The Perugia appellate court criticized the “building blocks” of their conviction and the failure to identify a motive.
Expert witnesses said the DNA on the knife blade attributed to Kercher was “unreliable” and that the testing was not up to international standards. Independent experts also suggested the bra-clasp evidence could have easily been contaminated because it was taken several weeks after the crime scene was examined.
The court said the pair had no motive to kill Kercher and there was no evidence the two had ever been in contact with Guede. It ridiculed the prosecution’s efforts to demonize Knox when it criticized her buying thong underwear days after the murder. The court said Knox’s and Sollecito’s alibis were out of sync but said that doesn’t constitute false alibis.
March 26, 2013: Italy’s highest court vacated the acquittal, ordering a new appeals trial in a decision that attacked the Perugia appellate court’s logic and ordered evidence to be examined that had been omitted previously.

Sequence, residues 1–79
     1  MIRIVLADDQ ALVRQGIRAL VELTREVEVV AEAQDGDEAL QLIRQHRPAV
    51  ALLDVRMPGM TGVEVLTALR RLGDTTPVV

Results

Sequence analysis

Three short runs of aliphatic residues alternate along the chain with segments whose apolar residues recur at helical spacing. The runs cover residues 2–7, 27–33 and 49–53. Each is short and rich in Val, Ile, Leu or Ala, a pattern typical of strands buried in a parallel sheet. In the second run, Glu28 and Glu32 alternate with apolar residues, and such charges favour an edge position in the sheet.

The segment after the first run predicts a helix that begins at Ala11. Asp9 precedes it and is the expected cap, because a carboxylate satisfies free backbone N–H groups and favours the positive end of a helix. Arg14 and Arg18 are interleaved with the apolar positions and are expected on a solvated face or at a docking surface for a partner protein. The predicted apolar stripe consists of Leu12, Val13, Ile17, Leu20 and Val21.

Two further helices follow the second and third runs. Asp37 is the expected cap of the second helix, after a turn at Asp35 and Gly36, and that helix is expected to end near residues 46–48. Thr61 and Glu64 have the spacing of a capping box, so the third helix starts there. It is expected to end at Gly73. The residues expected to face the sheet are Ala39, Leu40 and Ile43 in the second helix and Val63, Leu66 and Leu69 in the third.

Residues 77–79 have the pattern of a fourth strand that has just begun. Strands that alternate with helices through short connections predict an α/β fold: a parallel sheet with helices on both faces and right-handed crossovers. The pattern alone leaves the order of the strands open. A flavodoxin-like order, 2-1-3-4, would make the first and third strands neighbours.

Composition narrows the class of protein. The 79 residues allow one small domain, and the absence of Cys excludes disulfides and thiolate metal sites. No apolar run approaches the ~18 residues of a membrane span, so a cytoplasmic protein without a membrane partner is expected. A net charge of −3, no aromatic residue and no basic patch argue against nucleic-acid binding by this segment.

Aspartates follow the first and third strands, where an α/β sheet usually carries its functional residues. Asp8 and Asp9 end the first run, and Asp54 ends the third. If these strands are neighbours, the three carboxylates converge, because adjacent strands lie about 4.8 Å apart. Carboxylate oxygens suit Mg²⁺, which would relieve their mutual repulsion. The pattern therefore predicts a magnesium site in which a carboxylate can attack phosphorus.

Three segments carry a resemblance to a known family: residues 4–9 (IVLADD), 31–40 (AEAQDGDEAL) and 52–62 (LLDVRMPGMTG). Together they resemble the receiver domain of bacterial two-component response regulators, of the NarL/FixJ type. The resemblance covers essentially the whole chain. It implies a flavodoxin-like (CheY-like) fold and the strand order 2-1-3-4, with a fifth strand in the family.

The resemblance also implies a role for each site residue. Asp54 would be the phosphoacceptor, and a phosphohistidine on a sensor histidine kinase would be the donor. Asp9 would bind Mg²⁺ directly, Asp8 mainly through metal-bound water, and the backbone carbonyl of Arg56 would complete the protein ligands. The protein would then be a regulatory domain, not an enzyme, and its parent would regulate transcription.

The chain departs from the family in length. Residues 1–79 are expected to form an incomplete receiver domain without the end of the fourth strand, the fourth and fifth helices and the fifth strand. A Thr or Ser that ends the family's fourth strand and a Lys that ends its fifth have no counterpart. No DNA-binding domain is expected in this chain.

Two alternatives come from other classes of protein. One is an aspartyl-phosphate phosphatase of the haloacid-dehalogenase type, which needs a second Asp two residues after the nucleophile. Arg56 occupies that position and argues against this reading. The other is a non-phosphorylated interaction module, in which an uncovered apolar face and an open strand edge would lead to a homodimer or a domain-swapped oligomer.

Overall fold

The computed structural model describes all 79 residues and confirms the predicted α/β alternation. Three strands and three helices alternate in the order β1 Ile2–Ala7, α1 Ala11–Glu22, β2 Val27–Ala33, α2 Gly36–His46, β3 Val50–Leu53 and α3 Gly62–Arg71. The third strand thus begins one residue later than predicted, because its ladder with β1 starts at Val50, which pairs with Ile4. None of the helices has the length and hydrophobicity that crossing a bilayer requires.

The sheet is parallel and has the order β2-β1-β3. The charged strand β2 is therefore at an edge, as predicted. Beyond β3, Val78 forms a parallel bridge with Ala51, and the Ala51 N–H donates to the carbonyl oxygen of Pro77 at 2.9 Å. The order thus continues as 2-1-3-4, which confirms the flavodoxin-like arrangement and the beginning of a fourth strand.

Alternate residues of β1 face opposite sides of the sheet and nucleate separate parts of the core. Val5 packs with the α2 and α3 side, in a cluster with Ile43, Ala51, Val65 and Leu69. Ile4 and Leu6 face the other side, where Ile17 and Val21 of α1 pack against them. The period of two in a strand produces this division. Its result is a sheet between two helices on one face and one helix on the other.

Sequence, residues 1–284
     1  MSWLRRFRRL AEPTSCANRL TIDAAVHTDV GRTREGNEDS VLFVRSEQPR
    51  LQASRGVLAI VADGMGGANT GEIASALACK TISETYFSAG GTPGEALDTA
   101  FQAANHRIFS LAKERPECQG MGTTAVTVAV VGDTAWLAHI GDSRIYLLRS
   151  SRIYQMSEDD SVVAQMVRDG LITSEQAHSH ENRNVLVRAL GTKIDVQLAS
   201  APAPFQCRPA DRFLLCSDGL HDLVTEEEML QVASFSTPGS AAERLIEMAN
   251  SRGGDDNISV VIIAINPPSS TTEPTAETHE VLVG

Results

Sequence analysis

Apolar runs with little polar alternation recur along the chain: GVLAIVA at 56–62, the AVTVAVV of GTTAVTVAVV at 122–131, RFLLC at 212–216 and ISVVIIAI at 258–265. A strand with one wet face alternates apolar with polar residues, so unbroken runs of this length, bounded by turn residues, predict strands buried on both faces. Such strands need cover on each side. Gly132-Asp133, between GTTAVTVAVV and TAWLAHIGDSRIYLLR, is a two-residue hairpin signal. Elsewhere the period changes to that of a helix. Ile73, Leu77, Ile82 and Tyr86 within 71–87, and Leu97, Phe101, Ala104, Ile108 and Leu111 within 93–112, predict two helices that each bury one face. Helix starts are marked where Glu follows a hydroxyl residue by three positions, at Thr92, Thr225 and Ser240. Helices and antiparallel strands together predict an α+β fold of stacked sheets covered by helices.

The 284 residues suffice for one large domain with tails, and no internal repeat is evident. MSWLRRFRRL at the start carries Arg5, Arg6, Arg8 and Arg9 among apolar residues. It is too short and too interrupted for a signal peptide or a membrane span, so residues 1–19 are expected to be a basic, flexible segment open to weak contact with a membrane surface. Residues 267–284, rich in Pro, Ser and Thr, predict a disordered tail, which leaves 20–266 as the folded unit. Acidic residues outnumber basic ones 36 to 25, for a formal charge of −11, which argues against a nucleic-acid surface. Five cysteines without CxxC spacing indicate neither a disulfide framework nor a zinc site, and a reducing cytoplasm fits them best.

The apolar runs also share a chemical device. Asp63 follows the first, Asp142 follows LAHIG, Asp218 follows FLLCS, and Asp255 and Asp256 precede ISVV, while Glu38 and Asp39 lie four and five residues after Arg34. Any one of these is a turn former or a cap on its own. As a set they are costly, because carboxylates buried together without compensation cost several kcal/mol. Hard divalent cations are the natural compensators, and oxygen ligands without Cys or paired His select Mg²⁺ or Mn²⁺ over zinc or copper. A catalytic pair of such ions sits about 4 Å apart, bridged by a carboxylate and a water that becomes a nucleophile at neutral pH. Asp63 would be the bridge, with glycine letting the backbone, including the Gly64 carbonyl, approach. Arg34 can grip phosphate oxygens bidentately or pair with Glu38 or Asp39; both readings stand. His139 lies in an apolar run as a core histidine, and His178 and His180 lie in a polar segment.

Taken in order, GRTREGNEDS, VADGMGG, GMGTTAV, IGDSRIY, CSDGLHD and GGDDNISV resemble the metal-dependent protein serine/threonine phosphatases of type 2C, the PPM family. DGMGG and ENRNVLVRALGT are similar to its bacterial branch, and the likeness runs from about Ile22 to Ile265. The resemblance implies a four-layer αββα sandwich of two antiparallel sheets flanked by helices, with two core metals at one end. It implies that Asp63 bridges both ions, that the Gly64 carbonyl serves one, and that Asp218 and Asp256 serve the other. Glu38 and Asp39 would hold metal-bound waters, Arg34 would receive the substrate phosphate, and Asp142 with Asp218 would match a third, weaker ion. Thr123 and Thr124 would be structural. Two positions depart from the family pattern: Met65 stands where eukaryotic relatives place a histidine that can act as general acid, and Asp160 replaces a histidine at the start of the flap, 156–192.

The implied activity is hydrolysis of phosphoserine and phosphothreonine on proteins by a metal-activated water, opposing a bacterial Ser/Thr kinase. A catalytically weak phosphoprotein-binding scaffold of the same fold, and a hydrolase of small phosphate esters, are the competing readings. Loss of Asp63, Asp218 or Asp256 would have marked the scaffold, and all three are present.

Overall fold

APPEAL NO. 2, FLORENCE
Thursday: The court reaffirmed the 2009 murder and sexual-assault convictions against Knox, 26, and Sollecito. Knox’s sentence was increased to 28½ years, which also includes time for the slander conviction. Sollecito’s was confirmed at 25 years.
Italy’s high court had told the Florence court to order new tests on DNA evidence on the presumed murder weapon that had not been previously examined, but also to re-examine all the evidence, challenging the appeals’ court logic of dismantling the evidence piece by piece.